But, here is the rub. The REASON we have the troubles we have today, again a view our military is weakened, a certainty that our economy is weak, is because AGAIN we are letting government grow and take over every aspect of our lives. There is now even a bill that would allow the government to scan ALL of our communications looking for 'hate speech', whatever that is. The thought police from '1984' are here.
Indeed, if history shows ANYTHING, it is that the socialism and communism touted in the book (as it has been since its inception), have NEVER worked. They fail, or have a populace so beaten down that they accept the servitude. China had to loosen up and turn more capitalist or lose control of its citizens. I say that China's government is ultimately doomed as even now it is fighting a battle to keep the economy going to keep the populace happy. If it fails and there is a massive bubble pop, China could lose its grip.
This theme of 'capitalism is an aberration' comes up every 50 years or so. The sad thing is, capitalism BECAME the aberration because governments hemmed it in. Ancient Greece and many other societies were thrived on capitalism. It was the oppressive states that forced monarchies and emperors on others and stifled liberty and free enterprise.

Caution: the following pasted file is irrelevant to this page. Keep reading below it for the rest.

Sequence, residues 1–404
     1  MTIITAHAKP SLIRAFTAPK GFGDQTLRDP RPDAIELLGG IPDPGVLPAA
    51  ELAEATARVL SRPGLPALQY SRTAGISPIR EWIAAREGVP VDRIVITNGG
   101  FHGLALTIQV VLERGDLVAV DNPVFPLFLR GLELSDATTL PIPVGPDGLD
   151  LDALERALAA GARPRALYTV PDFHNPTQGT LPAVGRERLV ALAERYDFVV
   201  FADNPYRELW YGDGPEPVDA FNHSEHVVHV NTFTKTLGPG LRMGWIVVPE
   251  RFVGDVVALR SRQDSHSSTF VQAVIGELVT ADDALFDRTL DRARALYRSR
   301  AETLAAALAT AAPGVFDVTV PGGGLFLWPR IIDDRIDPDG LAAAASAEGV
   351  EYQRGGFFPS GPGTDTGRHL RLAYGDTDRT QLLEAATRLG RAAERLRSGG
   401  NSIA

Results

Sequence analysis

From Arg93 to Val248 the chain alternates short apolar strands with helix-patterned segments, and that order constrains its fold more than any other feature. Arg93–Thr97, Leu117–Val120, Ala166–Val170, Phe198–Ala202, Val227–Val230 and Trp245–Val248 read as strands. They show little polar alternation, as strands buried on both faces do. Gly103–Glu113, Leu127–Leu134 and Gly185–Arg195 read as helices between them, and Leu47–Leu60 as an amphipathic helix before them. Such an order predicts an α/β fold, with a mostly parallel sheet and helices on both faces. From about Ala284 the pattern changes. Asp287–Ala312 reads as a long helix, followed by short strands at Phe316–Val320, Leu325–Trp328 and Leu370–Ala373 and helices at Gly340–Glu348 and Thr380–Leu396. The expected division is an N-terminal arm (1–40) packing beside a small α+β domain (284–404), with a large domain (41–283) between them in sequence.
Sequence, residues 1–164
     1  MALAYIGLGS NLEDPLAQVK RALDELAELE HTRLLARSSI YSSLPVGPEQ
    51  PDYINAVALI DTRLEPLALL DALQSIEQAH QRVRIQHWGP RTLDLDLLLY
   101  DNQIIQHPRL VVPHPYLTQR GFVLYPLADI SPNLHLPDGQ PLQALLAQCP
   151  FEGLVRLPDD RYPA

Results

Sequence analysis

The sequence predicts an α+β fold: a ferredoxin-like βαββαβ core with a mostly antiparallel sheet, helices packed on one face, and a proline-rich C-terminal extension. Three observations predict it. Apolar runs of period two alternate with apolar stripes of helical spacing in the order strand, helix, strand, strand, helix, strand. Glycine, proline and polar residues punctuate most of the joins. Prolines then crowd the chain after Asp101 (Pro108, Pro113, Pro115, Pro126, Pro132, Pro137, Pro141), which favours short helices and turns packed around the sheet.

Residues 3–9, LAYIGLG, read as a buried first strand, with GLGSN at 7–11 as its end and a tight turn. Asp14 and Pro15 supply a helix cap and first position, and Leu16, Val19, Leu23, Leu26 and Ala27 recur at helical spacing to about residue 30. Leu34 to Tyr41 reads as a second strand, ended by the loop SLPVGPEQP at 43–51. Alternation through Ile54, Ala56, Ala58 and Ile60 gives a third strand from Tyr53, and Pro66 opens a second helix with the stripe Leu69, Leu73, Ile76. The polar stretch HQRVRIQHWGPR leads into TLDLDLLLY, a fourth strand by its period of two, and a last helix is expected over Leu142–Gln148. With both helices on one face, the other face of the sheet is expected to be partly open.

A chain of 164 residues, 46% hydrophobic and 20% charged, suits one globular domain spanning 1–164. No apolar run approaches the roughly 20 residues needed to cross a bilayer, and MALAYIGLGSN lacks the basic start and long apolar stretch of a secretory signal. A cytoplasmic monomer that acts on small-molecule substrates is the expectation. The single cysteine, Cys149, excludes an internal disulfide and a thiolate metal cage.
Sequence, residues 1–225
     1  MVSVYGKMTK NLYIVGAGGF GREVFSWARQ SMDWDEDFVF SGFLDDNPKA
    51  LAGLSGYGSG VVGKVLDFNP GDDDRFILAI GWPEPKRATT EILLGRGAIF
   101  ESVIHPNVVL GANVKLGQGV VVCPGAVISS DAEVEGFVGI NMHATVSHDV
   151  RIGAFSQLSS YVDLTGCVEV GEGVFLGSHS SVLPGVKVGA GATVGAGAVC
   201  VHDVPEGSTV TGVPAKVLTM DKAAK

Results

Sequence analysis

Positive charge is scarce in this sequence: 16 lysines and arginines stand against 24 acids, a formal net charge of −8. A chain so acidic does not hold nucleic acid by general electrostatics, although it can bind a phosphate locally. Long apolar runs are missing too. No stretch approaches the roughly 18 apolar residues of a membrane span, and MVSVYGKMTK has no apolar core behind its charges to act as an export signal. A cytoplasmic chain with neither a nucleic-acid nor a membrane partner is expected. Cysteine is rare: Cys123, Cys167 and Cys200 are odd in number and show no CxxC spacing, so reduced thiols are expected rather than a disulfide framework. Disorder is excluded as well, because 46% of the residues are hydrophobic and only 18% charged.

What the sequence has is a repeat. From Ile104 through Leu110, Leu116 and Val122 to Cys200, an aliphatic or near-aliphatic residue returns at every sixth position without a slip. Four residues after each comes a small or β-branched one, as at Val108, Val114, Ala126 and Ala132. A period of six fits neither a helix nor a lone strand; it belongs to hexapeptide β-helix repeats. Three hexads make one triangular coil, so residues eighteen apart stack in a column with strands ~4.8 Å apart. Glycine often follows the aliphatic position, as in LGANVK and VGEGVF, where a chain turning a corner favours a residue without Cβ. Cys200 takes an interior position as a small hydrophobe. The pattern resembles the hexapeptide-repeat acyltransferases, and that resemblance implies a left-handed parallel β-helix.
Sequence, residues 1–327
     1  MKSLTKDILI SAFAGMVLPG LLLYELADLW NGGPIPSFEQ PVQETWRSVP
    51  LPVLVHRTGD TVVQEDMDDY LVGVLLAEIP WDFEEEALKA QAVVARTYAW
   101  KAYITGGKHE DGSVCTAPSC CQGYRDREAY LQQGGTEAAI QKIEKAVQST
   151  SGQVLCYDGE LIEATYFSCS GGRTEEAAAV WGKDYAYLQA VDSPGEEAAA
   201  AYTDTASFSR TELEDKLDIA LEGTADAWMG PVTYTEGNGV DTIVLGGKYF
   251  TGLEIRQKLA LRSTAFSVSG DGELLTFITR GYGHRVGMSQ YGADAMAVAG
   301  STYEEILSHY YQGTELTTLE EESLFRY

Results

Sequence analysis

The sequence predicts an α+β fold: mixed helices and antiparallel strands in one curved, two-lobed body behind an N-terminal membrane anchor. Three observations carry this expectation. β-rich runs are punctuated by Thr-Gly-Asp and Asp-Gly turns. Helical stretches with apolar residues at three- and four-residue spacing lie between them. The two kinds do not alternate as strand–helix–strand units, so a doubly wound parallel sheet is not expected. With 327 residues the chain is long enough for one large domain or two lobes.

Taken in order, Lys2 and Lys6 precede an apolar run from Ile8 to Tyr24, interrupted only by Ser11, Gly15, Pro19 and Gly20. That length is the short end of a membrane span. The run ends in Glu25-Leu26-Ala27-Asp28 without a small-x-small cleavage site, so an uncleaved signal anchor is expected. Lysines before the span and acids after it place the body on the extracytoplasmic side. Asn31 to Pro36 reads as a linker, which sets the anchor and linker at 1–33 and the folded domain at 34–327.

That book is garbage, a rehash of the same old theories that history clearly shows do not work. Even if you can get communist, socialist, totalitarian, or other societies to work, you have to ask yourself is that the kind of system you want to live in? Most people today who are claiming they want to turn socialist, etc. would not like it one bit if we truly were that. I guess that is another negative effect of a federally run education system: a populace that does not really know what kind of government it has or should have.
As noted, there was no change in the index charts. SP500, DJ30 still just below the prior all-time highs. the intraday action was not good but it was not terrible. Stalled on lower volume.